As we turn the calendar to February, and celebrate Black History Month, we start with this podcast about Post-Truth. What is it? It is this time we are living where “alternative facts” have replaced scientific facts and feelings have more weight than these facts.
Post-truth is an ideology where people try to compel others to believe something without regards to the facts or evidence. Some believe this era that we are living started 20 years ago when people didn’t believe facts about smoking, vaccines, or climate change. Couple this with the use of the internet and now social media, and the conditions are perfect for post-truth.
What do you believe? Who do you believe? Where do you find your truth? What shapes you? What do you believe as “truth”? Is it politics? Science? Theology? All questions we should be asking ourselves and the young people around us.
This could make a great discussion for a small group or your friends. Let us know your thoughts and your conclusions.
Introduction: There are no fossil record, extra biblical support, or other historical evidence for any of the stories in Genesis or Exodus. (As opposed to early New Testament texts, for which we have ample supporting texts written by other folds outside the tradition.) So, the genealogies provided may or may not have any measure of historical accuracy to them, and they are certainly not reliable for establishing timelines or supposed time elapsed. So, it is assumed these stories were passed down from generation to generation through oral tradition in order to reveal how people thought about God and how they imagined their own origins and development. So, it might be a good idea if you are leading a group to start a chart of what we are learning about the character of God and of humans
Student Learning Outcomes:
Students will understand the story of Abraham and Sarah
Students will explore what we learn about human nature through this story
Scripture Reference: Genesis 22:1-19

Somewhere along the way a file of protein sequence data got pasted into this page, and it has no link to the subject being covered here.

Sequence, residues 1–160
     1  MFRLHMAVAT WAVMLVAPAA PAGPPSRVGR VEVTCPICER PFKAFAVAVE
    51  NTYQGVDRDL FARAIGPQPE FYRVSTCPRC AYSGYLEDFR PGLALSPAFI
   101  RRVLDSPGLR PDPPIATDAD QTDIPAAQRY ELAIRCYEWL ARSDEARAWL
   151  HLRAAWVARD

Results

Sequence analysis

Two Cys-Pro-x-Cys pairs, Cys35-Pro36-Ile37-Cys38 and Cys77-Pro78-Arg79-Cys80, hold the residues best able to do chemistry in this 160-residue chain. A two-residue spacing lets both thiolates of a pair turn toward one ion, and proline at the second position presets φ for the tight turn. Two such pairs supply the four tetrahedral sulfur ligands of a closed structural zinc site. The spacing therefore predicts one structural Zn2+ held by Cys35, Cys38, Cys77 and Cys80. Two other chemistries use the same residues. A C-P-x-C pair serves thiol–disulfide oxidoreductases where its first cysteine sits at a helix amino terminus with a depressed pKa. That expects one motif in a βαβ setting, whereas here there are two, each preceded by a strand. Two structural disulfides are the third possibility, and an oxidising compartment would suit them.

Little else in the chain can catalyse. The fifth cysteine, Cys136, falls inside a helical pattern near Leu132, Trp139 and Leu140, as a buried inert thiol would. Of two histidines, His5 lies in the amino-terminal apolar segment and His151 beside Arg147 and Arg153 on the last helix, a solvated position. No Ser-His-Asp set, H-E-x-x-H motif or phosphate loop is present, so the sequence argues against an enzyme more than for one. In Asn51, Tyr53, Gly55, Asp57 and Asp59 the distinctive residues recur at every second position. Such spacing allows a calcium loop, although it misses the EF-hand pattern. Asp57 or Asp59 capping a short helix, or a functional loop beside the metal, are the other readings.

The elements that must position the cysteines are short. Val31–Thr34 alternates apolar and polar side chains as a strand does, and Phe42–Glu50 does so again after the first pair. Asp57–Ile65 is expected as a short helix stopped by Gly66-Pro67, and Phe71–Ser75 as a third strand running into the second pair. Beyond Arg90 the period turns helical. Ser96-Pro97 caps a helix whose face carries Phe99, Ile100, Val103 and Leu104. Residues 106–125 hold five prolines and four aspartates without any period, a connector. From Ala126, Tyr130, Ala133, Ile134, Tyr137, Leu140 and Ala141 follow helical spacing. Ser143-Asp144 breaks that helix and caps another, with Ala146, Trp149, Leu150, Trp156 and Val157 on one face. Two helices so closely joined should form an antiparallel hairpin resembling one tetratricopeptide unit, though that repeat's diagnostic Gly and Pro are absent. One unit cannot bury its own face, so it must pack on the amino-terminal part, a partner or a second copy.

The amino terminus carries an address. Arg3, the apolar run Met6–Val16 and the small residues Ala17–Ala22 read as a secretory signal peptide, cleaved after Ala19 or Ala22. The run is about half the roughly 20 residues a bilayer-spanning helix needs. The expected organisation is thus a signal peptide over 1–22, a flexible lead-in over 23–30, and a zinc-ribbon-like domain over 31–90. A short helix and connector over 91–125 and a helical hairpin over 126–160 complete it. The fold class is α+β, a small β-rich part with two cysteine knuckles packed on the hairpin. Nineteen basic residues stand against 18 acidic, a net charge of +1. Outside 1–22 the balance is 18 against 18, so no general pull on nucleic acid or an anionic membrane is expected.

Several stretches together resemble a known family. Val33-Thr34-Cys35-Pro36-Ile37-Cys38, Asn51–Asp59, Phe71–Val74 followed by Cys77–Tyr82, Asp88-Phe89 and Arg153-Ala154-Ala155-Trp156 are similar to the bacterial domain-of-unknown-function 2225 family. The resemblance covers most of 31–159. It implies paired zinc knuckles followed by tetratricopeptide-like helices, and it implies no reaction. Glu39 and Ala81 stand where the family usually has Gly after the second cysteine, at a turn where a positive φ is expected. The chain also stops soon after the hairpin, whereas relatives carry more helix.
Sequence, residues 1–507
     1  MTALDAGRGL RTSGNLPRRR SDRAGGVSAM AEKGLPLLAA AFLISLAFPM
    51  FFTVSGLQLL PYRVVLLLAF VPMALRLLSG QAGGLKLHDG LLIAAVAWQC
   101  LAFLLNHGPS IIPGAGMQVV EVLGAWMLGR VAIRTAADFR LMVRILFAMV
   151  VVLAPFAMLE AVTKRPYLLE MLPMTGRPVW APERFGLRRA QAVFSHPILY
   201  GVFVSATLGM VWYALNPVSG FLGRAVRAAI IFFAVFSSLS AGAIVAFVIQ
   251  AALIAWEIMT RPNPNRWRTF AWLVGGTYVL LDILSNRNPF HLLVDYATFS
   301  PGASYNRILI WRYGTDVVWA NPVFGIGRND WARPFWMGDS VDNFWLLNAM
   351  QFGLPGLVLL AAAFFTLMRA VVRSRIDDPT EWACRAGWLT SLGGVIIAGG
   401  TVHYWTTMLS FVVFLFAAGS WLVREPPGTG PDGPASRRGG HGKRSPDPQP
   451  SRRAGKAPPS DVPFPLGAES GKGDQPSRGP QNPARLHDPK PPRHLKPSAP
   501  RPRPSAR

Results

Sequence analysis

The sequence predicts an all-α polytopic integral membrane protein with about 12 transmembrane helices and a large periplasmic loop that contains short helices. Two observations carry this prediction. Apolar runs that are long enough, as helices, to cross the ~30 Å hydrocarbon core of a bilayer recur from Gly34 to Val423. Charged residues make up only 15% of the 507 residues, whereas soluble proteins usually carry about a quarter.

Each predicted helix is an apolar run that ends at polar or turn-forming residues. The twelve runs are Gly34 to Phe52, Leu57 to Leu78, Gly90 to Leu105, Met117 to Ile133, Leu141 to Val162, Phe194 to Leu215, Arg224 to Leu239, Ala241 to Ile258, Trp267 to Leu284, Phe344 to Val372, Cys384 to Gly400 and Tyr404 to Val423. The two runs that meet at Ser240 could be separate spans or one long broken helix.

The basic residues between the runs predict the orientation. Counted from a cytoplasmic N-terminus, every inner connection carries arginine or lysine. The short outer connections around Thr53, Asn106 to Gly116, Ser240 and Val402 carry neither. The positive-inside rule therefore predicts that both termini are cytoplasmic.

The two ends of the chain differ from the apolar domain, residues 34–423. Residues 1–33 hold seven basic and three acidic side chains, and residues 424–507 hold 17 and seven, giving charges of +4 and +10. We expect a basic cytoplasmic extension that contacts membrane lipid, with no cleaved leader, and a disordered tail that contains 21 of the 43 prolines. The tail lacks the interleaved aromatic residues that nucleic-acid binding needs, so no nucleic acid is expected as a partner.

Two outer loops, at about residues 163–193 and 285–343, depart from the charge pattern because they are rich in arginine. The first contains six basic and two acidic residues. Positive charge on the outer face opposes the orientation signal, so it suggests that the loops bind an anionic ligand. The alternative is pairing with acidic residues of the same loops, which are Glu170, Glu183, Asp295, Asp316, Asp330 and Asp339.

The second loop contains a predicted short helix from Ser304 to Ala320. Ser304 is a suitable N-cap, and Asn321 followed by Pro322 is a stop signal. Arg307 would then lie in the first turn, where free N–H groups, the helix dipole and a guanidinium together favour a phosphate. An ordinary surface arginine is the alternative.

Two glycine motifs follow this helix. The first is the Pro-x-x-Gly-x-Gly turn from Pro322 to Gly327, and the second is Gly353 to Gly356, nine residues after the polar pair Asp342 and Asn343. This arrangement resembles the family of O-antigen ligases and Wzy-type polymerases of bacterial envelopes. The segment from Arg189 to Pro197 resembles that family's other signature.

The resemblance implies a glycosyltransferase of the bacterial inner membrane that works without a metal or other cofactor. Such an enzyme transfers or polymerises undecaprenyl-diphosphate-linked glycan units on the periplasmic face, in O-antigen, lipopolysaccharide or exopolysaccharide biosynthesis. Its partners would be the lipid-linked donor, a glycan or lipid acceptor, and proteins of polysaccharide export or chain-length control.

We are introduced to Abraham in the final verse of Genesis 11; his story begins in earnest in Genesis 12. It begins with a command and a promise that God will make a great nation of him and his family.
A few points will bear some explanation:
God makes a covenant with Abraham (Abram)to make a great nation of him, but God takes a long time to deliver on that promise. In the meantime, Sarah and Abraham take matters in their own hands in multiple ways. Sometimes these efforts have heartbreaking consequences, and we can learn a lot about our own human nature from these stories. (i.e. Hagar/Ishmael)
God is not always consistent in God’s response to human beings. Sometimes God seems quite frustrated and judgmental (i.e. when Sarah laughs), while sometimes God is quite forbearing (i.e. in his tolerance of Abraham having a son with Hagar and God’s later care for Hagar and Ishmael).
Once Abraham finally gets his promised son with Sarah, we encounter this bizarre and disturbing story in Genesis 22, in which Abraham is “tested” and asked to sacrifice the very son for which he has waited so long. It may help us contextualize this story to know that first-born children were sacrificed in many of the surrounding cultures as a way to gain favor and power with various deities.
Springboard Question: Have you ever wanted something really bad, but had to wait awhile to get it? Please share.
What do we learn about human nature from the stories of Sarah, Hagar and Ishmael? Can you think of situations in your own life when you have taken matters into your own hands? Maybe were impatient about something? What happened?
What troubles you about this story of Abraham and Isaac in Genesis 22? What are some traditional interpretations of this story? What do those interpretations suggest about Abraham? About God? Do you agree?
If child sacrifice was likely prevalent in the surrounding cultures at this time, how might it help us to reinterpret this difficult story?
Does understanding the historical context of this story change your thinking about the story?
Do you think God requires sacrifice from us? Are there other/better ways to think about loyalty/faithfulness?
Abraham was called by God even though he was flawed. Where do you think God is calling you?